In a number of stages, after his teammates have knocked themselves out protecting him, Armstrong is eventually left alone to build his lead, to crush the best cyclists in the world, as he has done each of the past two years. In 1999 he took the overall lead with a blistering time trial in Metz (the race has three time trials this year, and teamwork is no factor in them) and extended it in the mountains. In 2000 he assumed control with a breathtaking climb to Hautcam in the Pyrenees. It will be a huge upset next month if Armstrong does not again sit up in his saddle on the Champs-Elys�es, arms raised. "I'm definitely fitter than I was the last two years," said Armstrong in Spain. "I am as passionate, as fired up, as happy as I've ever been in my life. And I want to win again because I know what it feels like."
The team, however, will not be forgotten. Armstrong gives away precious yellow jerseys (a rider receives two for every stage he wins) not only to his eight teammates but also to Bruyneel and his assistant and the USPS's sprawling entourage, made up of four bike mechanics, four soigneurs (massage therapists/managers/do-it-alls), a team doctor, team chiropractor and three drivers. The jerseys are framed and put on display in homes from California to Massachusetts to Spain. In Tour de France tradition, the winner refuses his share of the $350,000 prize money and instead instructs that the cash be divided among his teammates and support crew. (The total comes to slightly under $20,000 for each domestique, after taxes.) In '99 Armstrong gave bonuses to each support rider out of his own pocket. By 2000 many of them had cash incentives—tied to an Armstrong victory—written into their contracts. (The riders' annual salaries are in the $40,000 to $50,000 range.) Every day during the race, on the USPS's custom tour bus, Armstrong finds each teammate and thanks him for the effort, looking straight into the rider's eyes. "It's up to me," he says, "to make them want to get on that bike again."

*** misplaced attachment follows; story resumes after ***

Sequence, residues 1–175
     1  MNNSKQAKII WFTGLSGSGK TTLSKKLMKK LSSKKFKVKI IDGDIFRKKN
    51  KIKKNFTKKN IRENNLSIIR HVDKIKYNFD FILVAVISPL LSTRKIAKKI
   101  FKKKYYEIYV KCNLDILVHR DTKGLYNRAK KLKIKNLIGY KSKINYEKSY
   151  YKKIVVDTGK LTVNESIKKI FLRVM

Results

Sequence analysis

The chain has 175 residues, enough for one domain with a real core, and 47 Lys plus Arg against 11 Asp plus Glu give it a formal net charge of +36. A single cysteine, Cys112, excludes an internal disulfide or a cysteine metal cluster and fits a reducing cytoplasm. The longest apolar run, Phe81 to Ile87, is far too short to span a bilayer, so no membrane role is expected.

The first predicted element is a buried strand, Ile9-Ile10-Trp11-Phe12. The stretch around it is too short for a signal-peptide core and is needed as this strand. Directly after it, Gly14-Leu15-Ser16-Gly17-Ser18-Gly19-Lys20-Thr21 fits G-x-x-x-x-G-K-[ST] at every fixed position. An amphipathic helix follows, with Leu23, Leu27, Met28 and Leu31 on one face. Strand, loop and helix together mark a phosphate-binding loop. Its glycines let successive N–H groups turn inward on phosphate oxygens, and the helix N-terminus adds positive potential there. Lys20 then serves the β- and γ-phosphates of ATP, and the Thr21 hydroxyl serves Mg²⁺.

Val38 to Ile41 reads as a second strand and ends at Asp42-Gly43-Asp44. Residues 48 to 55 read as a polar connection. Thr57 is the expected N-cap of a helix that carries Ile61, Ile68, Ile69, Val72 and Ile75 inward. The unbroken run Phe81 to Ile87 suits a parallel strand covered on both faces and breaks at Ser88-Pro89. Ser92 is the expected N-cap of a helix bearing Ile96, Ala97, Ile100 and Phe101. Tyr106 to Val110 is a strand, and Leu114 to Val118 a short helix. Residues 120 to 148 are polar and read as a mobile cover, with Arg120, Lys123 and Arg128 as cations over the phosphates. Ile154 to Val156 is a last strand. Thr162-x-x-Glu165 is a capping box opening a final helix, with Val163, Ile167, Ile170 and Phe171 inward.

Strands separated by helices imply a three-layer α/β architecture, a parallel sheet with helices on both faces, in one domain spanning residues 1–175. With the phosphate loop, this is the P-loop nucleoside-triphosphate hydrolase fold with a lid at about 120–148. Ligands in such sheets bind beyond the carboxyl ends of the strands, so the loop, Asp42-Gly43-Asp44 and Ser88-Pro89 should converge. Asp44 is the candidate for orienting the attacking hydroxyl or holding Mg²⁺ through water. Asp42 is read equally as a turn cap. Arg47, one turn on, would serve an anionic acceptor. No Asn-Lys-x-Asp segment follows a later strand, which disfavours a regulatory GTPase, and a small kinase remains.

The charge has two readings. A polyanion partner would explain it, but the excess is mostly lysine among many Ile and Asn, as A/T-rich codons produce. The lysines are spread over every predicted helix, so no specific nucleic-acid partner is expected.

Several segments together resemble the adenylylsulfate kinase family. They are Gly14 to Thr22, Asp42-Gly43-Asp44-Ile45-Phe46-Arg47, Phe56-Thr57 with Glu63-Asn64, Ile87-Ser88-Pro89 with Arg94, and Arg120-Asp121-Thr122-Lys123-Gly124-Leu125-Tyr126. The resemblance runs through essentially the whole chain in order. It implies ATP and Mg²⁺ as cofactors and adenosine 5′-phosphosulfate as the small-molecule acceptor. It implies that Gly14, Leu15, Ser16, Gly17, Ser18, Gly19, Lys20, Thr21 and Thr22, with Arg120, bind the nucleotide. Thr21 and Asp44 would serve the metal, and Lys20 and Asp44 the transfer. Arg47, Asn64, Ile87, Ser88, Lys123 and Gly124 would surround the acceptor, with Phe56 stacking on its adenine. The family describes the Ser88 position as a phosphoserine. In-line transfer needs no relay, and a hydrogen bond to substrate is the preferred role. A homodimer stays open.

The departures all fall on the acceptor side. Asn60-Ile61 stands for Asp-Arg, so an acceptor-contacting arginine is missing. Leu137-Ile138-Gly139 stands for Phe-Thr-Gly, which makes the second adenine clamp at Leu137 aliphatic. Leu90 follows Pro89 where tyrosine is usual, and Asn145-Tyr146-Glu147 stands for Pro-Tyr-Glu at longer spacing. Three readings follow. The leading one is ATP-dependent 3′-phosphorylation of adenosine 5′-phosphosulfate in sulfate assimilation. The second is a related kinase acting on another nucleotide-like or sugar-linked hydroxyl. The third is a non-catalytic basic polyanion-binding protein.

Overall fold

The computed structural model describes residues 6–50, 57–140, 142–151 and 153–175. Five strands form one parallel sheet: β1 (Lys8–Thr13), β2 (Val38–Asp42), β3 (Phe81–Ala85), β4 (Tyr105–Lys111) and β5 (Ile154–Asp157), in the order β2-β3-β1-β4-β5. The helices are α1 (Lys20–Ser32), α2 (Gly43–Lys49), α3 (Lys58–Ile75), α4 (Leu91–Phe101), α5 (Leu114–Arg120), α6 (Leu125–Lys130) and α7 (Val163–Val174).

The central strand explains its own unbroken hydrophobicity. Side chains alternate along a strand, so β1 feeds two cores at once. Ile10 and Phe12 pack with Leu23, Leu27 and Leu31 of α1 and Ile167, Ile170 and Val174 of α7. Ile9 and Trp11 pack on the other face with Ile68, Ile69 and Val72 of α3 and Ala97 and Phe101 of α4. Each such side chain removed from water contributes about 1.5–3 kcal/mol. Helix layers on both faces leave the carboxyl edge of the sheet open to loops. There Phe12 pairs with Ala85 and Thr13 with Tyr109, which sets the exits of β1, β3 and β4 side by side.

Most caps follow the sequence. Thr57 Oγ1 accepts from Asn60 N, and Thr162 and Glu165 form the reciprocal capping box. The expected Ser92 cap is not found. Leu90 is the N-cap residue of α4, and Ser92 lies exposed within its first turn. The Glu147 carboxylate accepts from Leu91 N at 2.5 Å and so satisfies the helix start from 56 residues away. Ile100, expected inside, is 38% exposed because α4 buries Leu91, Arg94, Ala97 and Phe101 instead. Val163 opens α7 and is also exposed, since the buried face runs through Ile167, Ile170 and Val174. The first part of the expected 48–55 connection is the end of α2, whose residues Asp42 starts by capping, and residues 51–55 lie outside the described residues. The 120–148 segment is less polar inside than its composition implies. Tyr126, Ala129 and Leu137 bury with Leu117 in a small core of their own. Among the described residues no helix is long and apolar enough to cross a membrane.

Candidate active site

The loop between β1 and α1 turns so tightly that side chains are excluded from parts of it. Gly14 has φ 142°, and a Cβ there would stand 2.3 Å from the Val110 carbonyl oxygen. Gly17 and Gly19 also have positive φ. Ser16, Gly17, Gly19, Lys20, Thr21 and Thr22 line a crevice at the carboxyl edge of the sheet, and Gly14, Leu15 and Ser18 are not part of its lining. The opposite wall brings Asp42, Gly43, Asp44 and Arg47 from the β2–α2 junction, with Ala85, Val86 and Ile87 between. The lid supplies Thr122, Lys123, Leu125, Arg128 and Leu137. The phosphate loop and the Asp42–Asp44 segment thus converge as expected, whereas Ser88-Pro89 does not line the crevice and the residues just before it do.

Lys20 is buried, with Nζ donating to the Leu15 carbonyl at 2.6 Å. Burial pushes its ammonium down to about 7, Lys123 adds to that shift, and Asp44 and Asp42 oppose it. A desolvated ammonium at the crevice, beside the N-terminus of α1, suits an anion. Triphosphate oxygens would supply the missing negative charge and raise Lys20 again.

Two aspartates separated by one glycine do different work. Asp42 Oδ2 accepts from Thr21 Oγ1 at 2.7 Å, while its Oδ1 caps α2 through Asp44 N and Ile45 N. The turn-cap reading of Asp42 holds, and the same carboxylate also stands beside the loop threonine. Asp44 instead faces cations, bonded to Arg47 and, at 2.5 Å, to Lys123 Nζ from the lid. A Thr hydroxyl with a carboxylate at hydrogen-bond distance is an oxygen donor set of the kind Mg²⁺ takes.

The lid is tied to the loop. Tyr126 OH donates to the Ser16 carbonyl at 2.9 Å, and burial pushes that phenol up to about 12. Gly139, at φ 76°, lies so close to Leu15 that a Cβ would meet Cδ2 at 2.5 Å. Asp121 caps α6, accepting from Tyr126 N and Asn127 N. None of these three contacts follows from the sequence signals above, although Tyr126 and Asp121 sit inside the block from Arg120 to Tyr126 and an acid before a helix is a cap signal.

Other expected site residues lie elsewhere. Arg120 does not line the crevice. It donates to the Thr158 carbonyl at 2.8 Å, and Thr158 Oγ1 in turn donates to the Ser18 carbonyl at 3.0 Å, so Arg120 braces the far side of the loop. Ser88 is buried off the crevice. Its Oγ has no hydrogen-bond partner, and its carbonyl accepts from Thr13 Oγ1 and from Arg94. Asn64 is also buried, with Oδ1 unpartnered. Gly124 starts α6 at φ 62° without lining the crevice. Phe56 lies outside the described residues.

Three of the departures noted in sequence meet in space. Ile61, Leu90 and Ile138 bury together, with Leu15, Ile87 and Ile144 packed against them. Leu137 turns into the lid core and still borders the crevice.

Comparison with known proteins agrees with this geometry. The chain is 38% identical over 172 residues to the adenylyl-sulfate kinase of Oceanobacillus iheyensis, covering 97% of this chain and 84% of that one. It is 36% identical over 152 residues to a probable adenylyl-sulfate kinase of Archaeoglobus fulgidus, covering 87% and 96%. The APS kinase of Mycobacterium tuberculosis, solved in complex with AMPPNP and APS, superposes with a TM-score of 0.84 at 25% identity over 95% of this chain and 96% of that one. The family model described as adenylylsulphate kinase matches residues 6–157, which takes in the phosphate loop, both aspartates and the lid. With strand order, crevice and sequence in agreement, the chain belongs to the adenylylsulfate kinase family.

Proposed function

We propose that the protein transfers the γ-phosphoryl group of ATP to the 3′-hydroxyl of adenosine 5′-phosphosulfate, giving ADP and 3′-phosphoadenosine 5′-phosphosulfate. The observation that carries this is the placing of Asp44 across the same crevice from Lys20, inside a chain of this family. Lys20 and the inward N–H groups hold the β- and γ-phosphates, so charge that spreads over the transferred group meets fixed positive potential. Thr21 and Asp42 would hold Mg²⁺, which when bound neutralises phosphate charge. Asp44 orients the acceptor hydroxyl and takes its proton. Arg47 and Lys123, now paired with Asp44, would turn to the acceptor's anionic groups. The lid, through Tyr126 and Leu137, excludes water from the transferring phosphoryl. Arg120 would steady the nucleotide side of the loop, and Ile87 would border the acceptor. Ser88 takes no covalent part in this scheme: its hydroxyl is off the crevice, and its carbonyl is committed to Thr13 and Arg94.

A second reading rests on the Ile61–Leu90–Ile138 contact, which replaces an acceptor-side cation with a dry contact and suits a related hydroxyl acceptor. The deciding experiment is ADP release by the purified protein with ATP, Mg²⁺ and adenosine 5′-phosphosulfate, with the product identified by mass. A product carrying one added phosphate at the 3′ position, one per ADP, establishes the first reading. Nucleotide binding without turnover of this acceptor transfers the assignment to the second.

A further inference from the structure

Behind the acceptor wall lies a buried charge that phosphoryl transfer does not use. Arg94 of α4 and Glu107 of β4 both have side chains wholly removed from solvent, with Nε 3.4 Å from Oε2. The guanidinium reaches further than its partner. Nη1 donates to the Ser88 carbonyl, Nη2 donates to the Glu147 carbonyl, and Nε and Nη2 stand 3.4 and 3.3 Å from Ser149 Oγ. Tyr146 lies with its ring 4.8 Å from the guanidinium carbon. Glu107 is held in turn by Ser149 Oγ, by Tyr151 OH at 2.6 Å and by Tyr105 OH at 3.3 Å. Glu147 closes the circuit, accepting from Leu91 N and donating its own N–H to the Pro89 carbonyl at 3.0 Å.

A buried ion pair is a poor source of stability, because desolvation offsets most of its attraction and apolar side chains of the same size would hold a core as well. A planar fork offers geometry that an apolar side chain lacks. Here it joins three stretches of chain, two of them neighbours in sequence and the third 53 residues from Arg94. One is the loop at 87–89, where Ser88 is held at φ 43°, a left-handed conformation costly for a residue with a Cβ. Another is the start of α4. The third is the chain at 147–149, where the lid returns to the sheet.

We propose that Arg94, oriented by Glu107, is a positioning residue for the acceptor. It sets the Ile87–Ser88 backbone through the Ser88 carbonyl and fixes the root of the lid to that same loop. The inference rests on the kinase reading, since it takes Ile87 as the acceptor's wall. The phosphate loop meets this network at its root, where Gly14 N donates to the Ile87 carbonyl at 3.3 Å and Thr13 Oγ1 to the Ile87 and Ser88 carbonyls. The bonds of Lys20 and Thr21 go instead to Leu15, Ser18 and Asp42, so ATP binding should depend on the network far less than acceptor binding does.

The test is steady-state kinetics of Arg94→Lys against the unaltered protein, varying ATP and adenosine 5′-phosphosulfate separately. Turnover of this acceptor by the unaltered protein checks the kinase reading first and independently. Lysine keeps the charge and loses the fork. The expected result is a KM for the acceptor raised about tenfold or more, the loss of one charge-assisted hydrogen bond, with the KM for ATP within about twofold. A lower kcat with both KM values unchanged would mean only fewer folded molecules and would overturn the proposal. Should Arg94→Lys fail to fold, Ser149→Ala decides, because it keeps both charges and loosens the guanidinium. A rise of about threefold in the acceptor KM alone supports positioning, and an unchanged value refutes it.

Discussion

Last July 14, after the rolling, 115.5-mile stage from Avignon to Draguignan in the south of France, a ride in which the field was buffeted by brutal crosswinds, Armstrong heard grumbling among the domestiques.
"It's too tough up front," said one.
"I'm not going to make it," groaned another.
"The guys in the back are getting a free ride," carped a third.
The next morning Armstrong saw a picture in a French newspaper. It showed a panoramic view, with the USPS team spread nine-wide across the highway at an angle, each rider blocking the crosswind for the man behind him, except the front man, a position that was alternated. Behind the USPS riders was a long, single-file line of followers, all exposed to the wind, without teammates. Armstrong put the picture on the breakfast table in front of his teammates. "Look, we've got morale, solidarity and the yellow jersey with a week to go," he told them. Then, with his teammates watching in silence, he tapped the photo, his right index finger landing on the rider in a distant last place, painfully alone. "Think about what this guy has got."